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!http://www.coolrunning.com/forums/posticon.gif!posted Aug-17-2005 10:21 PM
[http://www.coolrunning.com/cgi-bin/ubb/ubbmisc.cgi?action=getbio&UserName=mopak] [http://www.coolrunning.com/cgi-bin/ubb/postings.cgi?action=editpost&forum=TheCompetitiveWire&number=9&topic=001251.cgi&ReplyNum=000000&TopicSubject=Moneghetti%7CAPO%7Cstraining.] [http://www.coolrunning.com/cgi-bin/ubb/postings.cgi?action=reply&forum=TheCompetitiveWire&number=9&topic=001251.cgi&TopicSubject=Moneghetti%7CAPO%7Cstraining.&replyto=0]
thought Dan, Fred and others might (if they haven't already seen it)
see the sought of training that Steve Moneghetti did during his long
This is rom his book IN THE LONG RUN. The
training quoted is typical of the type of program used by Wardlaw and
Clohessy trained runners in Australia.
Sun.am. 35km 2h30m pm.10km easy, weights.
Mon.am. 10km easy pm. 16km easy.
Tues.am. 8km easy pm.5km warmup, 6km fartlek
( 15sec-90sec efforts
total time 20min )
Wed.am.8km easy pm. 24km easy, weights.
Thurs.am.8km easy pm.4km warmup, 8x400m with 200m
Fri.am.8km easy pm.15km easy.
Sat.am.4km warmup, 7km hill session, 4km warmdown
about 200km per week, not a huge total in itself but this was done year
round with only minor variations to emphasis and intensity depending on
the stage of preperation."
Starting to wean myself off the advil at night, so last night was a restless one. This morning I jogged 10k while listening to CBC2. Good blues music...a little Van Morrison and Taj Mahal going out. Holly Cole and Tom Jones on the way back. They had a quick blurb from Tom, who said women STILL throw underwear onstage during his performances, but it's a lot bigger nowadays!
DD ran 10:48. Well off her goal time, but she has a serious head cold and said there were only 3 people in the race. She said she started at 42 sec per lap and held it til the final 1000 meters before starting to slow up a bit. Still a PR under difficult conditions so she's happy.
Eager to hear how KS' race went today. I suspect he had crappy weather as it is very windy in Dallas due to the huge temp drop between yesterday (67) and today (37). That happens in TX a lot. No one I know runs races well in the wind.
Fred, I enjoyed that comment about a couple of seconds in those 200s meaning the difference between 4:05 and 4:30's in the mile. It reminded me of Frank Shorter's comment, quoted in "once a runner." Frank Shorter: "How did I know you ran a 4:30 mile in high school? Because everybody ran a 4:30 mile in high school."
Sierra, maybe it surprised you about the extra mile or so walking with the dog, but the same thing happened to me. When you are growing mileage, you tend to notice everything. I always suggest to people, "do one thing at a time, if you are building a mileage base, this is not the time to toss in a lot of speed work too." You sure can feel the added fatigue if you tack on anything else during mileage build-up.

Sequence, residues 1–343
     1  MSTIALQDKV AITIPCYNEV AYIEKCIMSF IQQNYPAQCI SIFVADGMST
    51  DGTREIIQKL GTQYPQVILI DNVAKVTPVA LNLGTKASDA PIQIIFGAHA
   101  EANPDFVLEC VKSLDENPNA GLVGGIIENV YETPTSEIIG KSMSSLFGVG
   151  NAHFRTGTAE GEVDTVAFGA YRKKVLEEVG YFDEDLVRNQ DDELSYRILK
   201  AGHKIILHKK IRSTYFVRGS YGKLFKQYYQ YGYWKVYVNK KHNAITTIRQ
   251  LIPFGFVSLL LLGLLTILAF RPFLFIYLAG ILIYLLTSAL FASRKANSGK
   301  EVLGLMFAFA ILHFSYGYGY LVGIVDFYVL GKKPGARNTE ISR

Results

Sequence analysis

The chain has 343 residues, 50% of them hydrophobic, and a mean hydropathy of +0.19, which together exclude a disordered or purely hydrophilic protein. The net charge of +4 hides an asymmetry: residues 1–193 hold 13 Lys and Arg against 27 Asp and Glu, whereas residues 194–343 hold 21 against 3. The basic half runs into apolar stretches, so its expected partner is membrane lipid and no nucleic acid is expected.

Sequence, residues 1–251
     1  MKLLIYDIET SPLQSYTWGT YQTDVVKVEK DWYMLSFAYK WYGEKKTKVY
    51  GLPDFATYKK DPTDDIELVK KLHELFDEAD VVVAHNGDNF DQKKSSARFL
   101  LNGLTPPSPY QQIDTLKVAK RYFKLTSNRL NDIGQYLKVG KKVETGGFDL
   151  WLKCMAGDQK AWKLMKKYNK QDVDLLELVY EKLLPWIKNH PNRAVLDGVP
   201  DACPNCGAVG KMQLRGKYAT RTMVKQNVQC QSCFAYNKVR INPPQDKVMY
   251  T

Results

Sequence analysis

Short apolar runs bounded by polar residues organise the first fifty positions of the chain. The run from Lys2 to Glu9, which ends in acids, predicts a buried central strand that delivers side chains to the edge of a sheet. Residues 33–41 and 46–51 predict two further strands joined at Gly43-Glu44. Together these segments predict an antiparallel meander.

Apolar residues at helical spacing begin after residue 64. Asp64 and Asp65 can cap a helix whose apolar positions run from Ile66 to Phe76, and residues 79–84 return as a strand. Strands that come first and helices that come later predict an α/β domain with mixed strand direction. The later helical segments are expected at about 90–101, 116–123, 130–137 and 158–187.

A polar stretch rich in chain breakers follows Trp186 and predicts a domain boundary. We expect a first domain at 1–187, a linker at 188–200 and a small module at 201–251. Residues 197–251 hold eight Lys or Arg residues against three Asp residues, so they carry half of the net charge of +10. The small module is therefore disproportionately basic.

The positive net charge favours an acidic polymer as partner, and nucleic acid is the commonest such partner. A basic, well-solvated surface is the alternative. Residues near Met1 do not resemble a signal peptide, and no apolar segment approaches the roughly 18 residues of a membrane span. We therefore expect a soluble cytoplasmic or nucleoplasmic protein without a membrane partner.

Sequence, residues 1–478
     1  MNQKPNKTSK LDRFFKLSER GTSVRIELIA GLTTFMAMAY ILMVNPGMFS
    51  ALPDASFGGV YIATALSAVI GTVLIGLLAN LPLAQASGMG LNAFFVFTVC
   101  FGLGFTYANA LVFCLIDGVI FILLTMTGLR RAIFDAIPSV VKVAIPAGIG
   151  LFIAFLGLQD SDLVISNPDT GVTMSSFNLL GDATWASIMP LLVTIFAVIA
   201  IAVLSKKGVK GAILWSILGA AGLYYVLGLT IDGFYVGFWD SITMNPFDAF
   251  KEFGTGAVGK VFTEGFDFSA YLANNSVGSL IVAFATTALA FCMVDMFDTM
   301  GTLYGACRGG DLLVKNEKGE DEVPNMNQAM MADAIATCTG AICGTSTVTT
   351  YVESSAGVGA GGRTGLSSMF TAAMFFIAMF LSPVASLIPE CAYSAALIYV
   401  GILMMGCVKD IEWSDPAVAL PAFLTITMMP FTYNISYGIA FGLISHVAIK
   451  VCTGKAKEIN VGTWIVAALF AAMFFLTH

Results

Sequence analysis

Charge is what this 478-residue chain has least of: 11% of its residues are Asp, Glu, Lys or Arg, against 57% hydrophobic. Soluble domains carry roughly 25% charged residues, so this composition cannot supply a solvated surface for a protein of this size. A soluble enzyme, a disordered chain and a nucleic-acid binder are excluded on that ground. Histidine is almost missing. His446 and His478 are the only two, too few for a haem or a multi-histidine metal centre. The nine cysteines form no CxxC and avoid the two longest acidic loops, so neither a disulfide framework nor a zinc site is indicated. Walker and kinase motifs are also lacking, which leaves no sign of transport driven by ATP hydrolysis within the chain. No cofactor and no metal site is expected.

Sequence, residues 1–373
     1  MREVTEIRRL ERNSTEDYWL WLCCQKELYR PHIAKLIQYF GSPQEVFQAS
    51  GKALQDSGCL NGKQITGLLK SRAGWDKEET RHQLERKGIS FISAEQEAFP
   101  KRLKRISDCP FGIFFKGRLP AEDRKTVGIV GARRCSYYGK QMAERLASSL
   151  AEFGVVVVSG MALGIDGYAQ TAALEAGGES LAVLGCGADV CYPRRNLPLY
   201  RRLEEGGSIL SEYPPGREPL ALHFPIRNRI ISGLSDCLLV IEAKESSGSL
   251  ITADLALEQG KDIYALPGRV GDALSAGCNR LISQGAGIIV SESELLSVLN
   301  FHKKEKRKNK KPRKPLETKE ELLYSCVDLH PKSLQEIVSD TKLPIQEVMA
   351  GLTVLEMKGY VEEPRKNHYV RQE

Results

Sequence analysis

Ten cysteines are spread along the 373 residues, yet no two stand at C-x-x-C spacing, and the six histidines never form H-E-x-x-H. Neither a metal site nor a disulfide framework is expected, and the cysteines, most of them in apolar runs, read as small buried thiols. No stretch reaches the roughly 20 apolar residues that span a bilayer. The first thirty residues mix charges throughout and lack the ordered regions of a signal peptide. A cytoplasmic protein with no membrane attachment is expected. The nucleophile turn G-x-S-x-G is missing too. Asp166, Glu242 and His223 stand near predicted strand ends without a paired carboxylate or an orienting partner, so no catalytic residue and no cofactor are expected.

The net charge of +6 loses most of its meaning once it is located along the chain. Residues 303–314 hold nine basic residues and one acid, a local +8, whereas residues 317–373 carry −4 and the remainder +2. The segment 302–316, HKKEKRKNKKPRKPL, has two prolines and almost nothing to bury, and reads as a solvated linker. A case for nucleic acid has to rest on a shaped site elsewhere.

A couple of weeks ago I posted a thread on RunningAhead that I thought some of you might be interested in, and in any case I would appreciate your feedback on it. Here it is:
I wrote this as a response to a series of posts I had noticed about interval work that made little sense to me and was hoping for some discussion about it. Of course the people who responded were not the people with the poor workouts.
Today I ran 4.2, just to finish my first 35-mile week. Feeling very good.
Euphie, thank you for the Etonic recommendation. I will see if my stores carry Etonic and if they do will ask them to order me a pair. Spareribs
Ribz called our weather correctly. It can change pretty abruptly. I guess it does all over the country but we can run the heater in the morning and the A/C in the afternoon or vice versa. It can be a problem when racing. But the advantage or disadvantage of living here (depending on your view point) is that we can train as much or hard as we want pretty much year round. The only time we don't have ample races are July, Aug, and Sept due to high heat and extreme humidity. Most of the locals really cut back training or stop running altogether those months.
Since I can run year round I find that periodization time is less between seasons. Therefore I probably will never get out of shape where I have to start over with training. That allows me to run tempo's, fartleks, and track work whenever I feel like I want to or need to. Actually since Jan I have begun to enjoy track work again. It's taken this long since h.s. and college to appreciate it again.
Ribz the front hit at 8:06 this morning. Winds changed from southerly breeze to 21 steady to 30+ N. winds. Master's pr is 38:33 for 10K (a bit soft I think) and was hoping to dip under 38 today. After second mile I determined a 40 flat would be equal or surpass my pr. Ended up 40:02 in a soft field and no help at all. You can tell where the wind hit me. 5:55, 6:40, 7:01, 6:49, 5:55, 5:57, 1:33.
Tigger - congrats to your daughter
Spareribs, ah, that's advice to heed. Thank you. I'm going to take it. It was increasing mileage and the speed work (and walking those extra miles) that, I know, contributed to the tenderness in my Achilles tendon (it's better now--didn't feel it today on a five mile run). I'm going to concentrate just on increasing distance for a while.